By Rebekah Moan, staff writer
November 6, 2013

Tuesday, December 3 | 11:20 a.m.-11:30 a.m. | SSG15-06 | Room S404AB
Detective quantum efficiency (DQE) is a common method for determining the performance of digital x-ray detectors, but a new model for calculating DQE may be needed to ensure high-quality images and low patient exposures with new digital detector designs, according to Canadian researchers.

Developing theoretical models of x-ray interaction physics is a critical step in optimal detector design and assessment, according to Ian Cunningham, PhD, a scientist at Robarts Research Institute and a professor at the University of Western Ontario.

Cascaded systems analyses (CSA) are often used to describe image signal and noise in many systems, but past work has considered detectors consisting of a single element (single Z) even though the most commonly used and promising candidates are compound materials.

The researchers used a parallel-cascade approach to describe photoelectric, coherent, and incoherent interactions in low-Z, high-Z, and double-Z detectors. They used an "energy-labeled reabsorption" process to describe incoherent scatter and allow for reabsorption of the high-Z characteristic emission by the low-Z atom. Expressions of signal and noise transfer were developed to describe DQE in terms of the modulation transfer function (MTF) and Weiner noise power spectrum (NPS).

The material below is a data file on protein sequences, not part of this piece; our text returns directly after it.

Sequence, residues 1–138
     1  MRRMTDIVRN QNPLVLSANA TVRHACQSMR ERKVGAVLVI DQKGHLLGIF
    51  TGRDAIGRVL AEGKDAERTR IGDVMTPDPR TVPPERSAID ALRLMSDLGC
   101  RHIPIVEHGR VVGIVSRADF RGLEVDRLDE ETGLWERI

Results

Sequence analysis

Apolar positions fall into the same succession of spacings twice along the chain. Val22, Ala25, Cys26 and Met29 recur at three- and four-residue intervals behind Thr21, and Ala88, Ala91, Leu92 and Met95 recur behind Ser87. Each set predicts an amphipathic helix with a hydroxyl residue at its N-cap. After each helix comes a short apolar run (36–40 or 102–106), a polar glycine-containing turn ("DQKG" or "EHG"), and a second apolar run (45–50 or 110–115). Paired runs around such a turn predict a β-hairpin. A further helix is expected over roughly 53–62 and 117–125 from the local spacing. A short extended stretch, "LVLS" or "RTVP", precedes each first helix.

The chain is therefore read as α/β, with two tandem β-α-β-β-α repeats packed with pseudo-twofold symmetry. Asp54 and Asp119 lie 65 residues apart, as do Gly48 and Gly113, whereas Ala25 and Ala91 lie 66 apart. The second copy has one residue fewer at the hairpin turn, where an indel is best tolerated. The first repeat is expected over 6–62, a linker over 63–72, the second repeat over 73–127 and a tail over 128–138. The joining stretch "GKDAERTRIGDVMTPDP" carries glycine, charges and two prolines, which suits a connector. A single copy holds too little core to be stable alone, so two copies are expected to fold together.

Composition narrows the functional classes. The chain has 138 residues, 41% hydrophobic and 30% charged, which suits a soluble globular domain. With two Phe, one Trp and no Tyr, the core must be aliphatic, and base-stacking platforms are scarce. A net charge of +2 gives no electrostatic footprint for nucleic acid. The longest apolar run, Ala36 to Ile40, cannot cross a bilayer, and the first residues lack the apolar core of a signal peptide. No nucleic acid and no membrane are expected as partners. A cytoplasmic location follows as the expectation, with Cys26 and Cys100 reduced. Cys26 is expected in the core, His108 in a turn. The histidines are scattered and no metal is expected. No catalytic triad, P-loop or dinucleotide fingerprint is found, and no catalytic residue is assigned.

Combining two simple single-Z models is adequate for a description of the double-Z detectors, and the effect of incoherent scatter must be considered for low-Z materials, Cunningham and colleagues concluded. They think the CSA model for determining DQE is useful for an optimal design of conventional radiography detectors and the estimation of x-ray imaging performance of novel photoconductor materials.

Last Updated np 11/5/2013 3:00:09 PM